Both wood and plastic cutting boards will become contaminated with bacteria on contact with any raw animal product. Both types of cutting boards can transfer bacteria from raw meat to other foods unless they are sanitized.

Research at the University of Wisconsin suggested that wood inhibited the growth of bacteria and thus wooden cutting boards were safest to use.  After much publicity of the Wisconsin study, the Food and Drug Administration conducted research on cutting boards and found that wood appears to absorb bacteria into tiny cracks and if not cleaned out, could potentially contaminate food placed on the board. It was much easier to remove the bacteria from plastic cutting boards because they are non-porous.  A hard non-porous cutting board such as one made of acrylic plastic is easier to clean than a wooden board because the acrylic board can be washed in the dishwasher.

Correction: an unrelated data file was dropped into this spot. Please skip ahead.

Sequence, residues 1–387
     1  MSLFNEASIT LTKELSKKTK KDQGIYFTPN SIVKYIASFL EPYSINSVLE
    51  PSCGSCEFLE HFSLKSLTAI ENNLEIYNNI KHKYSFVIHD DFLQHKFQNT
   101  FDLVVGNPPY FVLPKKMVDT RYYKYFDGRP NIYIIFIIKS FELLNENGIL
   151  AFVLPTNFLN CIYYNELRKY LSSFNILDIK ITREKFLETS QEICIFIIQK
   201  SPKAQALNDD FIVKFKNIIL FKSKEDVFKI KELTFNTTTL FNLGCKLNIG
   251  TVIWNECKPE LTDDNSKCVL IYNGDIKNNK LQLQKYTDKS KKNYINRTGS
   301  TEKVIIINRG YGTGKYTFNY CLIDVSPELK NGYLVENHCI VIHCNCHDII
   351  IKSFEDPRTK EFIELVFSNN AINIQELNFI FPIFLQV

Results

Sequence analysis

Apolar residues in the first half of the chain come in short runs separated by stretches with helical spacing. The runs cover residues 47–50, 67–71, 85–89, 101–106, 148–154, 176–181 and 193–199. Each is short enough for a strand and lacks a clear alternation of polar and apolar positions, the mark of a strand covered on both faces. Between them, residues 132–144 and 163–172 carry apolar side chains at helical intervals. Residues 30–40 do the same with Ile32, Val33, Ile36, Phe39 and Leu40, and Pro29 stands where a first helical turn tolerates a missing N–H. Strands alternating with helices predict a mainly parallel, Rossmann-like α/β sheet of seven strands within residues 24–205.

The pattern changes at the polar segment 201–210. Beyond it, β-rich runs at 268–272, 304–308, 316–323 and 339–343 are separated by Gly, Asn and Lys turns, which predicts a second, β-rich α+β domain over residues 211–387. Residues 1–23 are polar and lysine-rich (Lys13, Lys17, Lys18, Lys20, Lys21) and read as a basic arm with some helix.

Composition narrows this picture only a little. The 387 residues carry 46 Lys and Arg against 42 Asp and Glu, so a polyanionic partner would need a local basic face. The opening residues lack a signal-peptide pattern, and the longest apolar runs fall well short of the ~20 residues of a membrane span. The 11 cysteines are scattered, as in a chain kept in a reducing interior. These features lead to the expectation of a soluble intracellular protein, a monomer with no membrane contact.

Whether you prefer to use a plastic or wooden cutting board be certain to sanitize it after it issued for cutting raw meat or poultry. When cutting boards develop knife cuts, they should be sanded or replaced.

To sanitize a cutting board, either plastic or wood, use a dilute chlorine bleach solution (1 tablespoon per gallon of cool water). Be sure to rinse it well with warm water.